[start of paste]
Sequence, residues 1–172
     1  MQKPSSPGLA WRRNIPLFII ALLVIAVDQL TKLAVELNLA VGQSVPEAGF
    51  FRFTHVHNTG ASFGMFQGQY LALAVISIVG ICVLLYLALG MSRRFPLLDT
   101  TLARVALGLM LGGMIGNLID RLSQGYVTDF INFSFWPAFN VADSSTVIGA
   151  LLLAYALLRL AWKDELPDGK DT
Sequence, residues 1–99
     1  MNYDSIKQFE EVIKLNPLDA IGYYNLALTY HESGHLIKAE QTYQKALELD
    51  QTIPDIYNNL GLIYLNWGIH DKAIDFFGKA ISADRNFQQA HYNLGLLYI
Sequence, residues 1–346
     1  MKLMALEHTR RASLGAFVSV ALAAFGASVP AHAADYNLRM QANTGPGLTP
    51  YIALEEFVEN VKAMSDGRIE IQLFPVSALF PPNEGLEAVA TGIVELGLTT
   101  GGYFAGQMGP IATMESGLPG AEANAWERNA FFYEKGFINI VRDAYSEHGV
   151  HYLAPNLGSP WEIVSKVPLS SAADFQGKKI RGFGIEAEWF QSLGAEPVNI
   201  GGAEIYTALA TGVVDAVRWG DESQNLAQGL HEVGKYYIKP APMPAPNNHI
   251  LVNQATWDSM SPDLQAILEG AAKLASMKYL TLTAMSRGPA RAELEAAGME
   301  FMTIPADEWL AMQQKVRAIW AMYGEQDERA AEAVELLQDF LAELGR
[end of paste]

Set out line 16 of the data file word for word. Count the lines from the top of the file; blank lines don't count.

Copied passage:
   301  FMTIPADEWL AMQQKVRAIW AMYGEQDERA AEAVELLQDF LAELGR